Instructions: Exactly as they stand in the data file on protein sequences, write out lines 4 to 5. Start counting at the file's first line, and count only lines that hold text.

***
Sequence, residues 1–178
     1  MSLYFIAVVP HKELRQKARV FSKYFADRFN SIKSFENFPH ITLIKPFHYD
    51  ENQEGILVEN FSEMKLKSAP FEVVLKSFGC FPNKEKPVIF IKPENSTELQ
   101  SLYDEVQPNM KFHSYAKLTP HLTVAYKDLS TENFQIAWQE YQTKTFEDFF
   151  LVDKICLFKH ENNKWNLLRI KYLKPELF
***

   101  SLYDEVQPNM KFHSYAKLTP HLTVAYKDLS TENFQIAWQE YQTKTFEDFF
   151  LVDKICLFKH ENNKWNLLRI KYLKPELF